PhotoIncreasingly, retirees are not moving out of their homes once their working days are behind them. But for those who do plan to relocate, what are the most retirement-friendly cities, and which should be avoided?

Personal finance site WalletHub looked at that question and came up with a list of the best and worst cities for retirement, based on a set of important criteria. The criteria included the cost of living, but also the percentage of the population over age 65.

Measured against 31 key metrics, the analysts picked Orlando as the top city for retirement. It was number seven in affordability, number six in activities for seniors, and eleventh in health care. Its biggest drawback was “quality of life,” where it comes in at 73 out of 150.

Not surprisingly, the top four retirement destinations are in the sunny south. Tampa is second, largely by virtue of its affordability. Scottsdale, Ariz., is third – not so much because of its affordability but for its quality of life. Miami is fourth by virtue of its ranking of second in the activities category.

Surprising Sioux Falls

The real surprise might be number five – Sioux Falls, S.D. --  where it can get pretty chilly during the winter. Sioux Falls earns its ranking by being rated number one when it comes to health care.

Las Vegas, Coral Gables, Fla., Atlanta, Minneapolis, and Los Angeles round out the top 10.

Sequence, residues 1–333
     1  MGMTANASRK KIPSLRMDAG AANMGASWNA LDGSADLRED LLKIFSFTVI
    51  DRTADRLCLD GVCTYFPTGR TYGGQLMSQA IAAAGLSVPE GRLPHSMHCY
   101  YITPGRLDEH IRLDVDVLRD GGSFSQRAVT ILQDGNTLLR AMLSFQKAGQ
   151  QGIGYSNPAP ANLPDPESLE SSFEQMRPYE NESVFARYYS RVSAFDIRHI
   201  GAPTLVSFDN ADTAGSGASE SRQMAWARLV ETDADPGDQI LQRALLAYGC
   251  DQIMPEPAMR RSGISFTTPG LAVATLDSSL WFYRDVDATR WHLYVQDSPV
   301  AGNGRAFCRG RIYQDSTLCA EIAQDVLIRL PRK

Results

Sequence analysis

At the bottom of the list of places to retire is Providence, R.I. It's one of the least affordable spots on the list – 145 out of 150 – and third from the bottom when it comes to health care. Worcester, Mass., Newark, N.J., and Chula Vista, Calif., are also cities to avoid in retirement, according to the report.

What's important to you?

Of course, different criteria are more important to some people than others. For example, great health care might trump activities and affordability might be more important than quality of life.

If affordability is most important, you might take a look at Laredo, Tex., which has the lowest adjusted cost of living on the list. Brownsville, Tex., Jackson, Miss., and Memphis are also very affordable cities.

If you plan to get a part time job in retirement, Anchorage, Alaska has the highest percentage of people 65 and over in the workforce. Want someplace a little warmer? Plano, Tex., just outside Dallas, is second in that category.

If stretching your budget in retirement is a top priority, check out these destinations where your money will go farther.


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